Since the address data AD0 to AD3 in the forward rotation mode of the incremental encoder 6 have such a phase relation as shown in FIG. 8, (d) to (g), the forward data D1 will be changed to logical value "0" (corresponding to "forward" in the zone A in the table) only when the address data AD0, AD1, AD2, and AD3 have respectively logical levels "1", "0", "0", and "0", that is, only at times t1, t1 ' and t1 " in FIG. 8. The "0" state of the forward data D1 will be maintained until the next clock signal Pc appears and the address data AD2 is switched to logical level "1". As a result, the ROM 65 will generate at its forward output terminal O1 such a negative pulse signal Pf as given in FIG. 8, (h) and as synchronized with the clock signal Pc.

If the address data AD0, AD1, AD2 and AD3 in the zone A of the table are changed respectively to logical levels "0", "0", "1" and "0", then the data D2 stored in the ROM 65 will be switched to logical value "0", but the data AD0, AD1, AD2 and AD3 will not be changed respectively to "0", "0", "1" and "0" in such a phase relation of the encode pulse signals PA and PB as shown in FIG. 8. As a result, the output data D2 at the backward output terminal O2 of the ROM 65 will be kept at level "1" without any change as shown in FIG. 8, (i).

On the other hand, when the encoder rotates in the backward direction, the circuit of FIG. 7 will operate in such a timing relation as shown in FIG. 9. Therefore, only when the address data AD0, AD1, AD2 and AD3 is changed respectively to logical levels "0", "0", "1" and "0" (corresponding to "backward" in the zone A of the table), the output data D2 at the backward output terminal O2 of the ROM 65 will have a logical level "0". Accordingly, the ROM 65 will generate one negative pulse or spike of the signal Pr during the each one cycle period T in synchronism with the clock signal Pc, as illustrated in FIG. 9, (i). Of course, the address data AD0, AD1, AD2 and AD3 will not have "1", "0", "0" and "0" in this backward mode, and thus as given in FIG. 9, (h), the output data D1 at the forward output terminal O1 of the ROM 65 will be kept at a logical level "1".

As a result, when the address data AD4 and AD5 have respectively levels "0" and "0" and the incremental encoder 6 rotates in the forward or backward direction, the ROM 65 will generate one spike of the encode pulse signal Pf or Pr during the each one cycle T of the encode pulse signals PA and PB.

The circuit shown in FIG. 7, further, can generate 2 to 4 spikes of the feedback pulse signal fP (forward pulse signal Pf or backward pulse signal Pf) during the each one cycle T of the encode pulse signals PA and PB, by changing the address data AD4 and AD5 entered from the microcomputer 1. For example, when the address data AD4 and AD5 are set to have respectively levels "0" and "1" as given in zone B of the table, the circuit of FIG. 7 will generate each two spikes of the forward and backward pulse signals Pf and Pr in the forward and backward mode of the incremental encoder 6 during the above each one cycle T, as indicated with "forward" and "backward" in the table. And, if the address data AD4 and AD5 are set to have respectively logical levels "1" and "0", and "1" and "1" as given in zones C and D of the table, the ROM 65 will generate 3 or 4 spikes of the forward or backward pulse signal Pf or Pr during the above each one cycle T in synchronism with the clock signal Pc.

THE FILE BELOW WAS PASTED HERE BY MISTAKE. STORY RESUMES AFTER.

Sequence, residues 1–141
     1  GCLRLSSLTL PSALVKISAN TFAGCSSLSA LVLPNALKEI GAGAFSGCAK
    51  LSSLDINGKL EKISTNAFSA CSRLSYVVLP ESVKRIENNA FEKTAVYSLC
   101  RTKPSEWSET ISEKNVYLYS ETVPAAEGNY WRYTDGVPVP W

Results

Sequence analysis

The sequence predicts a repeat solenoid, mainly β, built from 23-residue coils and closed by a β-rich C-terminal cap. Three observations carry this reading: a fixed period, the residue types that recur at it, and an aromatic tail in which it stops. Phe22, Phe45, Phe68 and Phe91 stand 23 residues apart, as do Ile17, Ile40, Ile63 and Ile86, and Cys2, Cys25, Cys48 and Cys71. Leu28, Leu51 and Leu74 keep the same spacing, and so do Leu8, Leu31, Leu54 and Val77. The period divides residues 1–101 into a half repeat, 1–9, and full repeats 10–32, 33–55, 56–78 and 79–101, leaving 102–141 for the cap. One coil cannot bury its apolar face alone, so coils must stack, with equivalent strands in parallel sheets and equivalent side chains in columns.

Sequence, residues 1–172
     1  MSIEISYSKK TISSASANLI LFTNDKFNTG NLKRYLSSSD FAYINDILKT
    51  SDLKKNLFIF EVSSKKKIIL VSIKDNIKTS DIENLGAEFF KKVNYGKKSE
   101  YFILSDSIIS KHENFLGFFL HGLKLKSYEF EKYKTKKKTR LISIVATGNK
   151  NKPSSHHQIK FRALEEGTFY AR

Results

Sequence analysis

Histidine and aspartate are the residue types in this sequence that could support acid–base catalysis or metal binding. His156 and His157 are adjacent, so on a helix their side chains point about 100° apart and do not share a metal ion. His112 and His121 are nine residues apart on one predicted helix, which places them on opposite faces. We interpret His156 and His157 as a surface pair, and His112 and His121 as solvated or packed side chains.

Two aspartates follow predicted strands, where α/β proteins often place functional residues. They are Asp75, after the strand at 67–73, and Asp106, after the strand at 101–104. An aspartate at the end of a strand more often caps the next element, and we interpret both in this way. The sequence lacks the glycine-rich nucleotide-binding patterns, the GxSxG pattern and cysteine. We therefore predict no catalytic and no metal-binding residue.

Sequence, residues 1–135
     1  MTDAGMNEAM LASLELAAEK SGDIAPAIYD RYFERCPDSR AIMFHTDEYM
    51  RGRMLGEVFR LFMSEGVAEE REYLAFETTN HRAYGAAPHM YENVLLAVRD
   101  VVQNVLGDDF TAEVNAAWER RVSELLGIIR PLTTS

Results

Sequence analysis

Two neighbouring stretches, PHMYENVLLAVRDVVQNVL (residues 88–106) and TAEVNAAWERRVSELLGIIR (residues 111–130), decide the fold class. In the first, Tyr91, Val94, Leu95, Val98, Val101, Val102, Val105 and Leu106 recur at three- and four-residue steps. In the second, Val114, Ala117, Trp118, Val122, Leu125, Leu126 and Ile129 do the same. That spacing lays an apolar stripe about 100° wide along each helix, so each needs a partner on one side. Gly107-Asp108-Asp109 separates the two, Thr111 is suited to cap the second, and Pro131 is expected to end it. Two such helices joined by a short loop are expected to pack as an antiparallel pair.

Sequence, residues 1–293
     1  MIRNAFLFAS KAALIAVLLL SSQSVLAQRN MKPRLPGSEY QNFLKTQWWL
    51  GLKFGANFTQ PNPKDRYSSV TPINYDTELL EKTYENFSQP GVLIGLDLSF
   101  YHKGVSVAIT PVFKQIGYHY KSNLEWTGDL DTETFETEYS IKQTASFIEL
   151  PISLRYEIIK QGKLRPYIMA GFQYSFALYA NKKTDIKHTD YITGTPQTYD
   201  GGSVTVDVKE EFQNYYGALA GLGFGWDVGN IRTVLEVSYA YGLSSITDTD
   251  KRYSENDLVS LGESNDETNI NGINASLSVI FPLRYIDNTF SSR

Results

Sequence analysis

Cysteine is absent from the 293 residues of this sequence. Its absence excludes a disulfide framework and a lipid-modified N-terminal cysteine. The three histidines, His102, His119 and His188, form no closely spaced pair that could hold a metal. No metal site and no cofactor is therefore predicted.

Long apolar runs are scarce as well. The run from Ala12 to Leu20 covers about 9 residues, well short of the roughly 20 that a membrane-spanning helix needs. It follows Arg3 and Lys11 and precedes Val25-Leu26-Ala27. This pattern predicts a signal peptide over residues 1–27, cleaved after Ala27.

In the above example, explanation has been made about the case where the phase difference between the encode pulse signals PA and PB is 1/4 one period of the each signal PA or PB (that is T/4), but it will be appreciated that the present invention is not limited to the above period. For example, the invention can be similarly applied in the case where the phase difference O1 between the encode pulse signals PA and PB is smaller than 1/4 the one period of the each signals PA or PB (that is, T/4) as illustrated in FIG. 10, (a) and (b), and in the case where the phase difference O1 is larger than T/4. In the former case, the clock signal Pc must have a period smaller than the phase difference O1 ; whereas, in the latter case, the clock signal must have a period smaller than the duration O2 (see FIG. 10, (d)) from the positive-going edge of the encode pulse signal PB to the negative-going edge of the encode pulse signal PA.

As has been described in the foregoing, when the circuit shown in FIG. 7 is used as an option circuit in the incremental encoder 6, a plurality of (up to 4) spikes in the feedback pulse signal fP (forward pulse signal Pf or backward pulse signal Pr) can be easily provided during the each one cycle of the encode pulse signals, whereby the resolution power of the incremental encoder 6 can be easily increased. This allows the use of the preciser command pulse signal CP, whereby the control precision of the positioning control system itself can be also improved remarkably. In addition, since the feedback pulse signal fP can be completely synchronized with the clock signal Pc for operation of the microcomputer 1, the positioning precision can be additionally increased.

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Classifications
U.S. Classification700/56, 318/626, 700/245, 700/192, 318/632, 318/603
International ClassificationG05B19/23
Cooperative ClassificationG05B2219/33083, G05B2219/50025, G05B2219/42213, G05B2219/42215, G05B2219/43194, G05B19/232
European ClassificationG05B19/23C1
Legal Events
DateCodeEventDescription
Jun 5, 1990FPExpired due to failure to pay maintenance fee
Effective date: 19900325
Mar 25, 1990LAPSLapse for failure to pay maintenance fees
Oct 24, 1989REMIMaintenance fee reminder mailed
Sep 29, 1982ASAssignment
Owner name: KABUSHIKI KAISHA KOMATSU SEISAKUSHO, 3-6, AKASAKA
Free format text: ASSIGNMENT OF ASSIGNORS INTEREST.;ASSIGNORS:ABE, RIICHI;TSURUTA, KATSUJI;TSUJIKADO, SEIJI;REEL/FRAME:004052/0120
Effective date: 19820909